Cyprus targets Asia shipping

1 min read

Cyprus, overcoming the loss of Russian maritime trade due to EU sanctions, the Mediterranean shipping hub is chasing business expansion in Japan and elsewhere in Asia as it looks to grow its flag.

Cyprus, together with Greece and Malta, which have the largest shipping fleets in the 27-member EU and host large ship-management centres, have been the most vocal countries in the bloc seeking to limit the extent of shipping restrictions imposed on Russia after its February invasion of Ukraine.

“Contrary to reports, the Register of Cyprus Ships is not dependent on ships of Russian interests or connected with Russia,” Cyprus Shipping Deputy Minister Vassilios Demetriades told Reuters.

“Our strategy is not to depend on any nation.

“We do have multi-dimensional shipping clients that attract business from different segments in Europe, and we are looking to expand in Europe and Japan and wider Asia.”

Demetriades said Cyprus had some ships registered from Russian-state-run shipping group Sovcomflot.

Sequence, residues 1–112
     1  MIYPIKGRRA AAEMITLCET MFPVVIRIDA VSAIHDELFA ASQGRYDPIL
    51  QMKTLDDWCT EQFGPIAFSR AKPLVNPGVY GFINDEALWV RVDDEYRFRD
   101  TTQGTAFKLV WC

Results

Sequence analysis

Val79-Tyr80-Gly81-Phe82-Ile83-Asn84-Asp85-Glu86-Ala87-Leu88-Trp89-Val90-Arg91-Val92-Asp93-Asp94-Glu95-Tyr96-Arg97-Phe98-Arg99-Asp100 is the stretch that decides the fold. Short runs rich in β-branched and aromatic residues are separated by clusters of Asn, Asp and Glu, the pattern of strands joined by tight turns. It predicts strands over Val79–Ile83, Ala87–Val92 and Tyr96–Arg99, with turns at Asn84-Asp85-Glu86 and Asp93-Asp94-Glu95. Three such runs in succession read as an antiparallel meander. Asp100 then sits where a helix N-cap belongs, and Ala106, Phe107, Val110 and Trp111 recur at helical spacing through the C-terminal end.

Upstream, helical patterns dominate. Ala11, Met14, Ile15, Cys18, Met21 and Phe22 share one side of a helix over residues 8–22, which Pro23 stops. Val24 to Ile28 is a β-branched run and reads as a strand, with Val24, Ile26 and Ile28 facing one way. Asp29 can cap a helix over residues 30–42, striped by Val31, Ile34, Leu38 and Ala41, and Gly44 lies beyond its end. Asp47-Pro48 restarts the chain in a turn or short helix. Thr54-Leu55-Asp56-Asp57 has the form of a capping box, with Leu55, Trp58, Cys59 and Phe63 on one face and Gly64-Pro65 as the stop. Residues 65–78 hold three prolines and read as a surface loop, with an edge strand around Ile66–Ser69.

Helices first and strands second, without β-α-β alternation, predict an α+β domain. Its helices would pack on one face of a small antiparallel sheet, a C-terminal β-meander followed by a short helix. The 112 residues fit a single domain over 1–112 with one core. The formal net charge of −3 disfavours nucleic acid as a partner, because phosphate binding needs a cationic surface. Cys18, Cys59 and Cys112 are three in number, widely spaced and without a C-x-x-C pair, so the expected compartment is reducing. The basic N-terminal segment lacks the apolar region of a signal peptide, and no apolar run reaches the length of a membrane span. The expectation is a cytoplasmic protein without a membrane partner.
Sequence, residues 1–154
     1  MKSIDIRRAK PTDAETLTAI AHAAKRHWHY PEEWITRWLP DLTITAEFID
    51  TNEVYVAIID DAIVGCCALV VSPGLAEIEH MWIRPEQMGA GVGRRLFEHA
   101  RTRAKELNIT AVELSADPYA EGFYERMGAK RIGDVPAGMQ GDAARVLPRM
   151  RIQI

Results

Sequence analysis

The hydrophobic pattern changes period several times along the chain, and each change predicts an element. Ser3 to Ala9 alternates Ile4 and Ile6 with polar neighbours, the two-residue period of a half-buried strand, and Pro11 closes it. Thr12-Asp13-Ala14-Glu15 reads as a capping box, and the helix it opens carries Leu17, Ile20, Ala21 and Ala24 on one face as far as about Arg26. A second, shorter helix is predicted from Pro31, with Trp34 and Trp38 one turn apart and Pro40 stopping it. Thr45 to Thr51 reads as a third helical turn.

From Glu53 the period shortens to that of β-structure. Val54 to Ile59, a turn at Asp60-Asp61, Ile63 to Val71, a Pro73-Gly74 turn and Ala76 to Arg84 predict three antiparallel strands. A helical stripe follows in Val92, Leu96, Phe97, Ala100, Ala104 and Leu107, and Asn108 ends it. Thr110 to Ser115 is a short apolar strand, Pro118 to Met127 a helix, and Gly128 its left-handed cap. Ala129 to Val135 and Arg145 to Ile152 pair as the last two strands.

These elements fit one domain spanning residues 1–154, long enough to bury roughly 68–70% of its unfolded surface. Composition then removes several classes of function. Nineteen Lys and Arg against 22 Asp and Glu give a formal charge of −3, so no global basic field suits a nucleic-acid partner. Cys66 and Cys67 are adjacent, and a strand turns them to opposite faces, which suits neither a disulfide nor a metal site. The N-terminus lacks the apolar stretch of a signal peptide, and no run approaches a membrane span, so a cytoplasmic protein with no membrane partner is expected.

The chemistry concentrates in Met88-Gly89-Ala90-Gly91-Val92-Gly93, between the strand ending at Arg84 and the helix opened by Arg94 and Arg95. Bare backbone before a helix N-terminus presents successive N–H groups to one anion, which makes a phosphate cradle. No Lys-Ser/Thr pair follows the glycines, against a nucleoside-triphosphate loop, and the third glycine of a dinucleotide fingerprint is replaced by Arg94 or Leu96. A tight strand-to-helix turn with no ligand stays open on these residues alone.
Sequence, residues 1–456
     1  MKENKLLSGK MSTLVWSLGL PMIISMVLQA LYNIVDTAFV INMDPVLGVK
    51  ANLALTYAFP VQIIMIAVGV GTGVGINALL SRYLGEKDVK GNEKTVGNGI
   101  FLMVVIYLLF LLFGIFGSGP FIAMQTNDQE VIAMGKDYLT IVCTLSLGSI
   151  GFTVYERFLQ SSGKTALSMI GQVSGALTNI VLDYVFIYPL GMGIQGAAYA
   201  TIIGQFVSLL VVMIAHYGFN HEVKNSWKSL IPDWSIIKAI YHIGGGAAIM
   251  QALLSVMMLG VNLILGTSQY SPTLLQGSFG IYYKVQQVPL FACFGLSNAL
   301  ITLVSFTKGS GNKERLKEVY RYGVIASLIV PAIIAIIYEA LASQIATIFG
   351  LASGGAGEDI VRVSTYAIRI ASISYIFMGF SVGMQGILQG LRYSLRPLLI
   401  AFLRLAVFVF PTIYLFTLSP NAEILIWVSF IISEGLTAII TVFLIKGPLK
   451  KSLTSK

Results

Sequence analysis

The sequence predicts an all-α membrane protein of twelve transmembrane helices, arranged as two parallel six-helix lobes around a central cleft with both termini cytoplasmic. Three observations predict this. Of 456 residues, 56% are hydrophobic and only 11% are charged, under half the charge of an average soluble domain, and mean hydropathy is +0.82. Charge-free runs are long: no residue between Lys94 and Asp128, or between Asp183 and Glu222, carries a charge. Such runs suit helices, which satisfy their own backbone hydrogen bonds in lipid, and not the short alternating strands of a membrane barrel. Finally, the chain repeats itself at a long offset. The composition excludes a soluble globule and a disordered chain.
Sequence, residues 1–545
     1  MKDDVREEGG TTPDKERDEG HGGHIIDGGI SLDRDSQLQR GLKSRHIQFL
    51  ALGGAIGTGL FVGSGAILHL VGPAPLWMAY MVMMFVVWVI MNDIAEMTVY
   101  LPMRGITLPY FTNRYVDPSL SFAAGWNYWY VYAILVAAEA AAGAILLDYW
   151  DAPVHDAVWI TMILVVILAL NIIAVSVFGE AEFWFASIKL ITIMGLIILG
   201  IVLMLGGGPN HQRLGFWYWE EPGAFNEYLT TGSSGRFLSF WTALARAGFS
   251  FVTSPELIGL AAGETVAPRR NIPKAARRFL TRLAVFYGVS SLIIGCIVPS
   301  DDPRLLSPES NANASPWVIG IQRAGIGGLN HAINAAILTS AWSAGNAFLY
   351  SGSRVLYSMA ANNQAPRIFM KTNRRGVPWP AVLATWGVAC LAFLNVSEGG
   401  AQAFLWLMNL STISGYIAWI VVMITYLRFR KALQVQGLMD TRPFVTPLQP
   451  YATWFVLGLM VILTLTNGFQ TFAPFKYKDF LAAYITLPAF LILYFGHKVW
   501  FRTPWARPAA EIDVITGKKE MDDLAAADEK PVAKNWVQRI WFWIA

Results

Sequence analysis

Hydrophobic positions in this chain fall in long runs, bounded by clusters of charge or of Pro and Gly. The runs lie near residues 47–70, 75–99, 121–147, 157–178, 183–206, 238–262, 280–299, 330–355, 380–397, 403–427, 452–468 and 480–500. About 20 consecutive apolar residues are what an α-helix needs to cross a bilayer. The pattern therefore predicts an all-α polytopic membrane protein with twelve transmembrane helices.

“There is a Russia  ‘link’ to a small number of Cyprus ships out of the total of 1,100 registered.”

He added that following applications made by ship owners, “a number of ships have been deleted from the Register of Cyprus Ships or are in the process of deletion”.

“These ships appear to be connected with Russian interests or managed from Russia,” he said.

“So far, the losses are manageable and are not harmful to the Cyprus registry.

“However, we need to stress that the choice of the flag of the vessel is the prerogative of the owners.”

According to data provider Lloyd’s List Intelligence analysis, 15 ships linked to Sovcomflot were still flagged with Cyprus.

“With respect to Sovcomflot, it is noted that the company has already made other plans since it’s very difficult for them to operate from Cyprus and their offices are now closed,” Demetriades said.

Many Russian ships have switched classification societies in recent months.

Data from the website of the International Association of Classification Societies (IACS) shows more than 50 Russian ships, including many from Sovcomflot, have moved to be classed by the Mumbai-headquartered Indian Register of Shipping (IRClass).